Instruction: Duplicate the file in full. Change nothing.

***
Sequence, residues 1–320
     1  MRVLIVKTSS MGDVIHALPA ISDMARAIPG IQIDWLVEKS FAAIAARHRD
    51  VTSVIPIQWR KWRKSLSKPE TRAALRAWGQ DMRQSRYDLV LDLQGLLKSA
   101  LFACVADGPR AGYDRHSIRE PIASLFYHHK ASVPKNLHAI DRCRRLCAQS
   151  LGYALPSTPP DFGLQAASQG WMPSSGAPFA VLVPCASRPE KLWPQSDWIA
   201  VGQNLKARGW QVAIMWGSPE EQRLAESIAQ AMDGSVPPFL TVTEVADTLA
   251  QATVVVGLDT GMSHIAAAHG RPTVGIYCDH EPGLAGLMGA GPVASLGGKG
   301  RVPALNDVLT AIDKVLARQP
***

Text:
Sequence, residues 1–320
     1  MRVLIVKTSS MGDVIHALPA ISDMARAIPG IQIDWLVEKS FAAIAARHRD
    51  VTSVIPIQWR KWRKSLSKPE TRAALRAWGQ DMRQSRYDLV LDLQGLLKSA
   101  LFACVADGPR AGYDRHSIRE PIASLFYHHK ASVPKNLHAI DRCRRLCAQS
   151  LGYALPSTPP DFGLQAASQG WMPSSGAPFA VLVPCASRPE KLWPQSDWIA
   201  VGQNLKARGW QVAIMWGSPE EQRLAESIAQ AMDGSVPPFL TVTEVADTLA
   251  QATVVVGLDT GMSHIAAAHG RPTVGIYCDH EPGLAGLMGA GPVASLGGKG
   301  RVPALNDVLT AIDKVLARQP